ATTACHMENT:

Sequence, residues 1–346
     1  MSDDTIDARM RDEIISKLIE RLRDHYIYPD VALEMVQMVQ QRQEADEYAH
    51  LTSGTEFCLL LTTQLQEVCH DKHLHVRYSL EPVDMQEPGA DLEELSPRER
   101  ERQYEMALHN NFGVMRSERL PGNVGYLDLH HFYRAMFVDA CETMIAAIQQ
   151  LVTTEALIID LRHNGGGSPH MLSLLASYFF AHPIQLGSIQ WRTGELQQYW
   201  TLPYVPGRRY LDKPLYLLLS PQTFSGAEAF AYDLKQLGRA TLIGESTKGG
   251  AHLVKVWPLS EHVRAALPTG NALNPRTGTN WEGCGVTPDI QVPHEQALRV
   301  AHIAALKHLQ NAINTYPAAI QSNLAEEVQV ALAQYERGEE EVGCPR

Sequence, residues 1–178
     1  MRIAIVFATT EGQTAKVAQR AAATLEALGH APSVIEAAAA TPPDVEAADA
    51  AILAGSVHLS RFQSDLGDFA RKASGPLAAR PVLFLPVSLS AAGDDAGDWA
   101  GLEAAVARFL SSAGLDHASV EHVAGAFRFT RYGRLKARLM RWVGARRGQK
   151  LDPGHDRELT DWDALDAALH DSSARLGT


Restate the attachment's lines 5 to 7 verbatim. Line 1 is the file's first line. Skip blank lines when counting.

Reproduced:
   151  LVTTEALIID LRHNGGGSPH MLSLLASYFF AHPIQLGSIQ WRTGELQQYW
   201  TLPYVPGRRY LDKPLYLLLS PQTFSGAEAF AYDLKQLGRA TLIGESTKGG
   251  AHLVKVWPLS EHVRAALPTG NALNPRTGTN WEGCGVTPDI QVPHEQALRV